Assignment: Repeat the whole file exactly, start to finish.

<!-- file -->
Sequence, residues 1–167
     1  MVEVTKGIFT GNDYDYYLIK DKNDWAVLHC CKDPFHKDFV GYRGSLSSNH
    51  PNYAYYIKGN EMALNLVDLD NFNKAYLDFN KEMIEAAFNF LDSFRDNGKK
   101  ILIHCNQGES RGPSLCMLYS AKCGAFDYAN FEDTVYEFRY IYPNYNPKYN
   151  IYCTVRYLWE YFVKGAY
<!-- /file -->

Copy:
Sequence, residues 1–167
     1  MVEVTKGIFT GNDYDYYLIK DKNDWAVLHC CKDPFHKDFV GYRGSLSSNH
    51  PNYAYYIKGN EMALNLVDLD NFNKAYLDFN KEMIEAAFNF LDSFRDNGKK
   101  ILIHCNQGES RGPSLCMLYS AKCGAFDYAN FEDTVYEFRY IYPNYNPKYN
   151  IYCTVRYLWE YFVKGAY